There’s Been A Murrrrrder

During my brief encounter with the internet over the weekend to facilitate my exit from the Killzone 2 competition I set in motion the downloading of a few PSN games that I hadn’t had chance to play yet. Braid, naturally, is as wonderful as it is on the Xbox 360, I still don’t really think much of the God Of War III demo and the last game, Blue Toad Murder Files, has utterly confused me.

I don’t really understand what Relentless have tried to do.  Don’t get me wrong, as a ‘game’ I get it – you’re a detective and over the course of six episodes have to try to figure out the wrong doings in a sleepy middle England town called Little Riddle.  What I don’t understand is why the game is so boringly linear and flies along at such a pace that it’s over before you have chance to get into each episode.

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In the first episode you’re investigating the death of the town’s Mayor.  This manifests itself via a number of realtime cut-scenes, voiced by the same guy to give it that “kid’s TV feeling” and to make you think you’re being read a story where you have to solve the crime.  Except you don’t, really, each cut-scene ultimately gives way to a somewhat related puzzle (there are twelve per episode) that you have to solve.

Much like the Professor Layton series, these puzzles then give way to move exposition and, when you’re through them all and have suffered all the cut-scenes and Cluedo-esque levels of investigating you then have to figure out who committed the crime.  There’s nothing difficult about this section, in the first episode it’s made very clear to you whodunnit in the penultimate cut-scene, something you can’t miss.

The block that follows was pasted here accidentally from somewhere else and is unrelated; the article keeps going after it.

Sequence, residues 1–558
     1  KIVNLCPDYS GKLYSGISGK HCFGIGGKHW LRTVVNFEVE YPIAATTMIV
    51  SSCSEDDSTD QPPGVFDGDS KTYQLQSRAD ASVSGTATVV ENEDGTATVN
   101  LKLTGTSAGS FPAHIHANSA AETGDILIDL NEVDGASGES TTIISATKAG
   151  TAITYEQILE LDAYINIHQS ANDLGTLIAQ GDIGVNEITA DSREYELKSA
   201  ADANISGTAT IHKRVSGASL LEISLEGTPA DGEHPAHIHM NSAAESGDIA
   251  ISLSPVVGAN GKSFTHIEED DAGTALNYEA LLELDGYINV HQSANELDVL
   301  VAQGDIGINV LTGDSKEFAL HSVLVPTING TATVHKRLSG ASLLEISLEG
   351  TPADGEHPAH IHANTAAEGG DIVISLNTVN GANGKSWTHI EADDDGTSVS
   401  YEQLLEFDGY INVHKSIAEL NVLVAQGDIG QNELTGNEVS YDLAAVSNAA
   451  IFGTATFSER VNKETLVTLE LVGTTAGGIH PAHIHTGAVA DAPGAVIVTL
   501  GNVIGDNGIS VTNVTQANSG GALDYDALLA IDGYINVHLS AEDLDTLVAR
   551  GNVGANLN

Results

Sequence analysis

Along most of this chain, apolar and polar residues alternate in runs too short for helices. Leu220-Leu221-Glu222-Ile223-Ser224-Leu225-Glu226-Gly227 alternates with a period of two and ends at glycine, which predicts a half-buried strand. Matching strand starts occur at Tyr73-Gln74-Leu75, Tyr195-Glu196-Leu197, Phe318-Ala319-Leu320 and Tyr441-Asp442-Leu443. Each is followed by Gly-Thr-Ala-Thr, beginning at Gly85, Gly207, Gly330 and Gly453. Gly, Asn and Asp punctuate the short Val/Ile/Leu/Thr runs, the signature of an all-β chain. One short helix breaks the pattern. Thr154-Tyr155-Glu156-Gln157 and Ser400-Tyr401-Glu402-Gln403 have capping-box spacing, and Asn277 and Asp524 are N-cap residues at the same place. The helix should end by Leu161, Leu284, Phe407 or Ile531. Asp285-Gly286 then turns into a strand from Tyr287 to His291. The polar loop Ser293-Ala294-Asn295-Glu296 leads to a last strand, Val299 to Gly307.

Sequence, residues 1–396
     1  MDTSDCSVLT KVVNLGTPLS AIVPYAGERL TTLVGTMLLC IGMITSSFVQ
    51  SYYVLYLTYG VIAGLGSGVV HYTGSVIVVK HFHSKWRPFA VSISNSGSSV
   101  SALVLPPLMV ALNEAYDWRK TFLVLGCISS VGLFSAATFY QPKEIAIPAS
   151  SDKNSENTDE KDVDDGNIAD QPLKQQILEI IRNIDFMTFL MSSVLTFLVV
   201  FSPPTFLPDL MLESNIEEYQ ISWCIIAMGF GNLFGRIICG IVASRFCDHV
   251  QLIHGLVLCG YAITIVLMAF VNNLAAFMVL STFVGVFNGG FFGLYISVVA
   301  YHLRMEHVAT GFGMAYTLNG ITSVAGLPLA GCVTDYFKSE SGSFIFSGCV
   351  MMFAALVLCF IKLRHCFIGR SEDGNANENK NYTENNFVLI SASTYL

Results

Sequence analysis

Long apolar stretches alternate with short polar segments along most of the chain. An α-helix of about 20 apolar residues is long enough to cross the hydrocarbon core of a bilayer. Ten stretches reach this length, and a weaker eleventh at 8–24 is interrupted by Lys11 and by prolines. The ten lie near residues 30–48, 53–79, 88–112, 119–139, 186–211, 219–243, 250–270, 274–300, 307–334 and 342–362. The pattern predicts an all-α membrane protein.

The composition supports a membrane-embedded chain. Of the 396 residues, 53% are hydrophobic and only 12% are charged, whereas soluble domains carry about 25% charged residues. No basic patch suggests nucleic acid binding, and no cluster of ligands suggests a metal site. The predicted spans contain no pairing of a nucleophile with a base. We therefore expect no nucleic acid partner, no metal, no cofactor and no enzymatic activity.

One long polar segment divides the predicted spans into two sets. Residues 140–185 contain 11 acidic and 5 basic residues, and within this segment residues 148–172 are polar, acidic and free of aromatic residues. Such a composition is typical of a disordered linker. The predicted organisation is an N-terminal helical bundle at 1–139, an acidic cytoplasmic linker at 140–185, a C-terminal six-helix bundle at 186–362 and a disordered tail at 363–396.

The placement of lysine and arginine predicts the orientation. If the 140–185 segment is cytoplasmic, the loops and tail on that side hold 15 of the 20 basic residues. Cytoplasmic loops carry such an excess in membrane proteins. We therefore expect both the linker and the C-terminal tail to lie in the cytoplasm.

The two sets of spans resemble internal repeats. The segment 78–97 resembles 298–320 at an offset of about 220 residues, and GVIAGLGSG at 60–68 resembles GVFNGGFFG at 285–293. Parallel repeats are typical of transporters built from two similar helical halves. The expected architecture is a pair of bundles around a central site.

Bizarrely, and I know this is meant to be a humourous, light hearted story, but the accusation of the ‘correct’ criminal based on a woolly alibi merely serves to rubbish everything you’ve done before.  There’s no real reason for that person to be guilty of the crime, and as it turns out chances are they weren’t anyway, with the final animation effectively wiping the slate (and all your puzzling work) clean.

It’s like Relentless wanted each episode to be purchaseble on its own, and thus no reason for prior stories to make sense and be required viewing prior.  Obviously I’ve only tested the first two (and episode two had a major bug in it anyway, which may have been patched since) but that’s the impression I get.  And sure, that might be the better business model but it makes for a disjointed set of bits.

Of course, it could get much better and towards the end of the game proper everything could tie together, but at the moment the game’s linear structure and bizarrely easy puzzles (I got gold on 10 on my first run through, which took much less than an hour) are spoiling my enjoyment of what could have been a charming, engaging diversion for the PSN.  A real shame, I was looking forward to this, but I think I’ll stick to Braid.

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